Even with six garages and over 2,000 parking spaces, downtown Columbia is still unable to meet motorists’ needs.
It appears to be difficult to satisfy everyone who parks in the downtown area: employees, college students, churches, residents and visitors.
In the beginning of June, a new task force was established by the Columbia City Council, hoping to find solutions to parking and traffic troubles. Now the task force is struggling to reach an agreement.
Second Ward Councilman Michael Trapp, also the co-chair of the new Parking and Traffic Management Task Force, said that he didn’t agree that there is a shortage of parking spaces downtown.
“I don’t think it’s necessary to build a new garage,” Trapp said. “I can always find a parking space downtown.”
As a councilman, Trapp works at City Hall in the center of downtown. He said the Fifth and Walnut Street Garage is never full.
“All we have to do is a walk to our destination,” Trapp said.
Instead of the parking shortage, building new spaces for new residents is Trapp’s top concern.
“There will be several new apartments in downtown soon,” Trapp said. “I think our first task should be deciding how many new spaces will be needed for new residents in downtown.”
The decision is based on a rule that downtown should add 25 spaces for each 100 bedrooms constructed in the city.
Another member of the task force, Amy Wasowicz, an MU student, agrees with Trapp that there is no parking shortage, but is concerning about meter parking.
“The problem comes from the meters,” Wasowicz said. “I’ve seen people waiting 20 to 30 minutes for an available meter parking space.”
Parking meters have been confusing people for a long time. All of the meters are marked with color codes to indicate how long people can park in a space. However, people don’t recognize the differences between the codes, which adds confusion in parking.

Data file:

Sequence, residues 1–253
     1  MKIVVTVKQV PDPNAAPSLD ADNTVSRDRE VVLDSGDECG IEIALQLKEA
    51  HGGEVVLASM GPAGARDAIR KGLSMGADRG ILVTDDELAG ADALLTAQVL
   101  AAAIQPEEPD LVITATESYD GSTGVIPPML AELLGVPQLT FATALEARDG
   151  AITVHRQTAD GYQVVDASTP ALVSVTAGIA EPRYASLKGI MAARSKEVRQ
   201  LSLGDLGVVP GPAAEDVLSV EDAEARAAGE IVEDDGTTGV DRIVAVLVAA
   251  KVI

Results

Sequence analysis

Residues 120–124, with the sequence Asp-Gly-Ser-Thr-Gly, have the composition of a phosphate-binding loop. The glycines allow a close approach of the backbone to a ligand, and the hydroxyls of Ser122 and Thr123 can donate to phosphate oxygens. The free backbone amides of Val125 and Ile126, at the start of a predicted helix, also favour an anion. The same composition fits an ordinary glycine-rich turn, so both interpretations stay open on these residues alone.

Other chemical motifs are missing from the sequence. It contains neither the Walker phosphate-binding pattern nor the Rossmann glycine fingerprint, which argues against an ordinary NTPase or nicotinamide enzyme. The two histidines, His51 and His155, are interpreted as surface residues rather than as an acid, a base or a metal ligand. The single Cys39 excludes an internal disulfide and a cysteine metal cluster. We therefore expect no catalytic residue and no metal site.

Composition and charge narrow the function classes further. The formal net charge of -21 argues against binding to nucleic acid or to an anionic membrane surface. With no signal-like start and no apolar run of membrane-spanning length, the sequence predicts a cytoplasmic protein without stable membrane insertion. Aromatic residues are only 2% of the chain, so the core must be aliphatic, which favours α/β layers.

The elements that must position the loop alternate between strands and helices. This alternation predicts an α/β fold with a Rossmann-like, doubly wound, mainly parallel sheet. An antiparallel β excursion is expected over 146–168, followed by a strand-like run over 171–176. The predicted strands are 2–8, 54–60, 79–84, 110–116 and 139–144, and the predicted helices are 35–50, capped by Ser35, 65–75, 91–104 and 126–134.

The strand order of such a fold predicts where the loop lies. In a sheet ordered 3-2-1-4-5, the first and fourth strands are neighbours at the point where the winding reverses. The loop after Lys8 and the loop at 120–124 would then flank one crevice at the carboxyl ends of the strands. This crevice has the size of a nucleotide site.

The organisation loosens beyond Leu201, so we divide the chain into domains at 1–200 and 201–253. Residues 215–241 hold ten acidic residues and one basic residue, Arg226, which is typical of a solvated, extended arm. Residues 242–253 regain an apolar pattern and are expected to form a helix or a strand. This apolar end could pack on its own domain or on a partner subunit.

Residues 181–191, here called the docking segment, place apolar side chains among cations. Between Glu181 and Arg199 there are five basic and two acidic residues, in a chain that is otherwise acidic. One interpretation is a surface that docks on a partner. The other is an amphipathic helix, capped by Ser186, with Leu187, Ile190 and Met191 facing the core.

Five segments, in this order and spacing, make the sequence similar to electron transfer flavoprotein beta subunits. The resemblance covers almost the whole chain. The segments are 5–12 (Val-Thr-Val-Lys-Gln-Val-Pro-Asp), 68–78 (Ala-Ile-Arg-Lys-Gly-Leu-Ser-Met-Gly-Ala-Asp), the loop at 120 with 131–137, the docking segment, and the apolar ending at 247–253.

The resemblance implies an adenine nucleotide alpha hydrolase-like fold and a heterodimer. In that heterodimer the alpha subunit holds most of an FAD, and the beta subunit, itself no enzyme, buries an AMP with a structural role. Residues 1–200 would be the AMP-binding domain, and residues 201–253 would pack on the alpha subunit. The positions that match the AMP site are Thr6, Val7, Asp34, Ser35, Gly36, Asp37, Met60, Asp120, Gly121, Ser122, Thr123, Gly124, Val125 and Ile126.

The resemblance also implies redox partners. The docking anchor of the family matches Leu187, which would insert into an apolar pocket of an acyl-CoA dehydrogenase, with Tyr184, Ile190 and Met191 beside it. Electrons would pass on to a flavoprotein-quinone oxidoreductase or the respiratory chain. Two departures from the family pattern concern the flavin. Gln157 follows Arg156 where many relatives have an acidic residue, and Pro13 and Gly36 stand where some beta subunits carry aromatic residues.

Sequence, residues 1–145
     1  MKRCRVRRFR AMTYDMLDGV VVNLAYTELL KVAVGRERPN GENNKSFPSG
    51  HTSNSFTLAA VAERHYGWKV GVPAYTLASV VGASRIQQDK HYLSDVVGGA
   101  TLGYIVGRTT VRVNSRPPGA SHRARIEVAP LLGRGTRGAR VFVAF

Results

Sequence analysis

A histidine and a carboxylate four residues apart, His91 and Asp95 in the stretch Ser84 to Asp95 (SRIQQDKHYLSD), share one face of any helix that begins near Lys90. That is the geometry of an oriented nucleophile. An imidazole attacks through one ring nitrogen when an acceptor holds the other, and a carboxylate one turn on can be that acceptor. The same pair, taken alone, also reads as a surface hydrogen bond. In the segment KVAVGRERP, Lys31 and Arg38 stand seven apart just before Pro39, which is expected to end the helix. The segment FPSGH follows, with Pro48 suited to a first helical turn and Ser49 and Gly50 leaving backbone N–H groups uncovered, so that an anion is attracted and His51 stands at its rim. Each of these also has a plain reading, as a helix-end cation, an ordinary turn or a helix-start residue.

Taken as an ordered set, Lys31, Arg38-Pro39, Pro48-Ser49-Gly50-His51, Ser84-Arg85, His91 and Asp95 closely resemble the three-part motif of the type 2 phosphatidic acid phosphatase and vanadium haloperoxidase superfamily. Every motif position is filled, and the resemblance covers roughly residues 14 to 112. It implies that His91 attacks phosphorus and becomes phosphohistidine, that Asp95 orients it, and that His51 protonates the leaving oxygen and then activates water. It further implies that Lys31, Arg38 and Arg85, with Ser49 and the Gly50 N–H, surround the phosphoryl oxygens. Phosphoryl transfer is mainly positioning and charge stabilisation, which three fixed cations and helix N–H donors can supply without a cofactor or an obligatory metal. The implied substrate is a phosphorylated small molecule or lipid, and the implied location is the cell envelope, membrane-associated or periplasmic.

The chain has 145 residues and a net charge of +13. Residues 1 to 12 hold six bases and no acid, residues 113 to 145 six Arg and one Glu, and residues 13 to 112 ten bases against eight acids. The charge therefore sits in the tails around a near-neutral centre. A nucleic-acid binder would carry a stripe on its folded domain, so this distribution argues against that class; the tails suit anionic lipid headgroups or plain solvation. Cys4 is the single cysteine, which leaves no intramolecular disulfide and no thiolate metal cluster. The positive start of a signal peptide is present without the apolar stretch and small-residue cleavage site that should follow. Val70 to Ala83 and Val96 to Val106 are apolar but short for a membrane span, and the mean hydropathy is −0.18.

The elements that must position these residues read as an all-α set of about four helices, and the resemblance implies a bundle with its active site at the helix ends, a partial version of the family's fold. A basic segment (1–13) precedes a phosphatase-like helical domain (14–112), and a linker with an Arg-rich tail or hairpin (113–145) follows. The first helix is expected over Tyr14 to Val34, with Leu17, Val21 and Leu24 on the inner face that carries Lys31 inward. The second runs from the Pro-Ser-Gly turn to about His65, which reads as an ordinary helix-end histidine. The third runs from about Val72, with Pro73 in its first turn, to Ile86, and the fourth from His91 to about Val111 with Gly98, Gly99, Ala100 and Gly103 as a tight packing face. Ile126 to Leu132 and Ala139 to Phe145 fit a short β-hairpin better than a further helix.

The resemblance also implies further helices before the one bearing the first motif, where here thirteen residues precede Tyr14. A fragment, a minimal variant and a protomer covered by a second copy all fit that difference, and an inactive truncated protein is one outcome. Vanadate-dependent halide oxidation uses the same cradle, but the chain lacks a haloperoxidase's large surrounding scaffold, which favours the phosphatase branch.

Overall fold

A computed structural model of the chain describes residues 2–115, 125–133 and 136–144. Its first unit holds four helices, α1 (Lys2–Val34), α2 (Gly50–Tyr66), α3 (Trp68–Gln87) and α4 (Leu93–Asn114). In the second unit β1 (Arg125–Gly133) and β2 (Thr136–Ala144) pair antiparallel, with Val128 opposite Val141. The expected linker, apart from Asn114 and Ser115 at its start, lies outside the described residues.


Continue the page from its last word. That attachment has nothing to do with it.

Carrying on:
In addition, different meters have different shut-off times. Most meters in downtown are monitored from 9 a.m. to 7 p.m., Monday to Saturday, but some meters on Hitt Street are shut down at 5 p.m., which could be another parking confusion for motorists.
The call for more parking spaces
However, other members of the task force say that there is a parking shortage in downtown. Task force member Greg Cecil, also the representative of a church within the Downtown Community Improvement District, said the shortage of parking spaces downtown has been challenging churches in recent years.
“Although our church owns a parking lot, it is very small,” Cecil said.
Cecil is a member of Missouri United Methodist Church, which serves over 300 members every Sunday.
“We have to rely on the public parking,” Cecil said. “Many members have to walk several blocks on Sundays, but elderly members may not be comfortable to walk such a long distance.”
However, public parking is crowded at nights and on Sundays, which adds difficulty to parking around churches for church attendees.
“Students and other residents park their cars for free overnight and on Sundays, both in meter parking spaces and garages,” Cecil said.
Although weekdays aren’t busy hours, churches still find themselves troubled by parking when they hold daily activities for members and people needing help.
“To help find the solution, I have been collecting data on downtown church daily activities for the task force,” Cecil said.
Downtown parking is affecting not only the downtown area, but also neighborhoods nearby, especially the Benton-Stephens Neighborhood, which is close to east downtown and Stephens College.